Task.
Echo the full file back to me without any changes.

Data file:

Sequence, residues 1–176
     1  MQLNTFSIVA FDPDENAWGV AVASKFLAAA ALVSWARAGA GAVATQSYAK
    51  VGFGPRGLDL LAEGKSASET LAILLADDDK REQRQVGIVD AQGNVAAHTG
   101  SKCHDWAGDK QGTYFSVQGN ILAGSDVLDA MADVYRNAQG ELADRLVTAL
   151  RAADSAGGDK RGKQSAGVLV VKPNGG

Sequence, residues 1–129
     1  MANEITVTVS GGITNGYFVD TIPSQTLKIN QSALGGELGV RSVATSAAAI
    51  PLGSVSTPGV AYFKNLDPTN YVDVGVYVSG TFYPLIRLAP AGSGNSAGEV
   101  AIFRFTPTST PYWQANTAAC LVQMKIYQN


Sequence, residues 1–176
     1  MQLNTFSIVA FDPDENAWGV AVASKFLAAA ALVSWARAGA GAVATQSYAK
    51  VGFGPRGLDL LAEGKSASET LAILLADDDK REQRQVGIVD AQGNVAAHTG
   101  SKCHDWAGDK QGTYFSVQGN ILAGSDVLDA MADVYRNAQG ELADRLVTAL
   151  RAADSAGGDK RGKQSAGVLV VKPNGG

Sequence, residues 1–129
     1  MANEITVTVS GGITNGYFVD TIPSQTLKIN QSALGGELGV RSVATSAAAI
    51  PLGSVSTPGV AYFKNLDPTN YVDVGVYVSG TFYPLIRLAP AGSGNSAGEV
   101  AIFRFTPTST PYWQANTAAC LVQMKIYQN